Profile: Fogarty Fellow Dr Leah Katzelnick investigates Zika and dengue viruses in South America
May / June 2021 | Volume 20 Number 3
Photo courtesy of Daniela Michlmayr
By Susan Scutti
In 2015, an outbreak of Zika fever swept South America and the Caribbean. Although infection typically caused only mild symptoms in adults, thousands of pregnant women who became infected suffered miscarriages and more than 3,700 delivered babies with microcephaly or other congenital abnormalities. Zika virus is a relative of the region’s endemic dengue virus - both are mosquito-borne flaviviruses - so the epidemic raised questions about whether a prior infection with one of dengue’s four serotypes might alter a person’s risk of Zika disease, or vice versa. Fogarty Fellow Dr. Leah Katzelnick’s project answered this by showing a previous Zika infection increases the risk of dengue disease severity.
Dengue itself sparks a complex immune response, explained Katzelnick, now chief of the NIH’s National Institute of Allergy and Infectious Diseases (NIAID) Viral Epidemiology and Immunity Unit. A first-time infection with dengue generally causes no symptoms, or only mild ones. However, a previously infected person has an increased risk of severe disease if re-infected. “My original Fogarty project was proposing to look at the dynamics of the dengue antibody response over time in relation to immunity,” said Katzelnick. “So, after your first infection, do your antibodies wane? Do only certain kinds of antibodies wane?”
Katzelnick, who was then a Berkeley-based collaborator working with a team in Nicaragua, arrived in South America in mid-2019 - during the first post-Zika dengue epidemic. Witnessing “skyrocketing” cases, the team hypothesized that prior Zika infections might be causing “a more explosive dengue wave than we’d ever seen,” said Katzelnick. She quickly pivoted her research to study how Zika immunity modified dengue disease.
Surprisingly, this wasn’t the first time she’d changed course while a Fogarty Fellow. A political crisis in Nicaragua had prevented her planned arrival in early 2019, so she’d spent the first six months of her fellowship in Ecuador studying the dengue vaccine. Disheartened at first, Katzelnick soon embraced the “amazing opportunity to see how you set up one of these huge cohort studies before joining my Nicaraguan colleagues.”
Each project revealed dengue’s insidious power in addition to different aspects of global health research. In Nicaragua, she tracked a powerful epidemic as it progressed, while in Ecuador, she developed a companion test for the dengue vaccine. “The vaccine can actually increase your future risk of severe dengue disease if you’ve never had an infection. So, we were looking for a test that would say ‘yes’ or ‘no.’ Are you positive for dengue or not?” Direct contact with primary investigators on each project proved invaluable. “While I knew the data really well, I didn’t know how you actually do all this - coordinate a major cohort with thousands of people and bring experts in various areas together in a well-integrated system.” Along with project management skills, she learned about the patient consenting process and helped to build capacity. “I taught different classes in both countries on new statistical methods for analyzing clinical data and on the use of open source programs and tools.”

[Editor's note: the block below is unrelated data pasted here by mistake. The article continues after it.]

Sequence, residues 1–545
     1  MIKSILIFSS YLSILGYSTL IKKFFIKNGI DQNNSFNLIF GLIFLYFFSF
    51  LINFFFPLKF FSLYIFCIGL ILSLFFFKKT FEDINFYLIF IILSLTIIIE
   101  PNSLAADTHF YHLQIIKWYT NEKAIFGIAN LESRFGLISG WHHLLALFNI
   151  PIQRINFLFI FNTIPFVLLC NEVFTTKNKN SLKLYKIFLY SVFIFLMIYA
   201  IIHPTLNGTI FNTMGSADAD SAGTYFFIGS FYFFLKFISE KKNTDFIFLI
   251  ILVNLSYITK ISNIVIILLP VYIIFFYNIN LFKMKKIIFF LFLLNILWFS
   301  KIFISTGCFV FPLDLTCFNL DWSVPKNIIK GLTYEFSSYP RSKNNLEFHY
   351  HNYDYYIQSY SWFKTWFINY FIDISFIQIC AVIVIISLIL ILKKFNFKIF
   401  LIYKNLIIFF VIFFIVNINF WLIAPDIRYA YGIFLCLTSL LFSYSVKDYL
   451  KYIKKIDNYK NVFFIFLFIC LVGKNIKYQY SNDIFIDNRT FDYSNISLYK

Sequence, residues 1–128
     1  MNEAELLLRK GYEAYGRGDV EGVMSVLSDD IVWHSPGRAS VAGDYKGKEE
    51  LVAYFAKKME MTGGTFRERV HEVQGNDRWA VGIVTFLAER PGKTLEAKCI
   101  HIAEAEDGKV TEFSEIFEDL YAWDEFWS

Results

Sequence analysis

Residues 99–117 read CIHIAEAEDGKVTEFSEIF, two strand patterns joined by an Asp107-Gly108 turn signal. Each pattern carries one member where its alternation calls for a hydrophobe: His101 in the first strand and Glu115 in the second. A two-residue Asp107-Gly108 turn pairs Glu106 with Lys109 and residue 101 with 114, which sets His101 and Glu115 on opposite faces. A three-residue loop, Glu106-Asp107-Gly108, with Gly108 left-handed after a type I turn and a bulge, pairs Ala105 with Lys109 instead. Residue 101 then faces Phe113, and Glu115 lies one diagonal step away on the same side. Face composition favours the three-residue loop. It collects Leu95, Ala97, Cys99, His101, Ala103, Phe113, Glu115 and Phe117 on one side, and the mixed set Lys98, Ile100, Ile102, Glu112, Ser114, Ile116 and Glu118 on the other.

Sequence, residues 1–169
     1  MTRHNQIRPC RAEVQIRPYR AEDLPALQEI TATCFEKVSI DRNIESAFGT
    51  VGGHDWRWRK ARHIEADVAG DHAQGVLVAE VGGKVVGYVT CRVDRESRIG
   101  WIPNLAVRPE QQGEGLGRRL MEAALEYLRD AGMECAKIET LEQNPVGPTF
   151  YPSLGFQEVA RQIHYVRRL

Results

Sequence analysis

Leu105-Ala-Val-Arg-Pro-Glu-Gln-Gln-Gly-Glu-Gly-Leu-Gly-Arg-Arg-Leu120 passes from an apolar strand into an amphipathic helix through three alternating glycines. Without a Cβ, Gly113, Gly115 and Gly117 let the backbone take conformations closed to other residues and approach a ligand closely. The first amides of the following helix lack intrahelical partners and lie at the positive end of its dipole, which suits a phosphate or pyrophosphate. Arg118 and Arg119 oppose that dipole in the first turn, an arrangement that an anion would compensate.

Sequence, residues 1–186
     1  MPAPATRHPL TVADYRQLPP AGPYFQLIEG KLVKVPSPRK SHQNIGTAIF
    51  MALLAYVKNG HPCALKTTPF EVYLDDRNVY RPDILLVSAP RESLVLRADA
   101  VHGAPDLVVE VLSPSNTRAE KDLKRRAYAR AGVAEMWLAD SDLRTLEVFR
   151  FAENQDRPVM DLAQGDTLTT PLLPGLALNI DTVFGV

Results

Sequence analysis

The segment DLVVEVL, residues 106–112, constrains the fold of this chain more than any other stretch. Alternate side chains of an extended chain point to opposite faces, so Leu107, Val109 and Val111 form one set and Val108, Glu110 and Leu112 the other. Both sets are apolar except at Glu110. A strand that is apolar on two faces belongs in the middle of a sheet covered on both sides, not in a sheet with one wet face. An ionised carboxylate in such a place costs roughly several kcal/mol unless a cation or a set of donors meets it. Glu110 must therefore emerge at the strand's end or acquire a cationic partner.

Today, she’s confident that both projects are relevant beyond the borders where her research took place. “We were invited to present to a CDC advisory board and a Zika task force, both of which included policymakers who will decide on recommendations for the dengue vaccine and a future Zika vaccine,” said Katzelnick. And her investigation of antibody kinetics and resulting immunity in relation to disease severity is applicable to any community worldwide where flaviviruses circulate.
When her fellowship concluded at the end of 2019, Katzelnick transitioned to her current position at NIAID, where she continues to explore immune interactions between flaviviruses. “My Fogarty experience is the model for setting up our NIAID viral epidemiology and immunity lab,” she said. “The fellowship taught me how to connect with new researchers on a project, find shared goals and reciprocally share and transfer knowledge.” For Katzelnick, her Fogarty experience was “completely essential for feeling like a real researcher in global health.”
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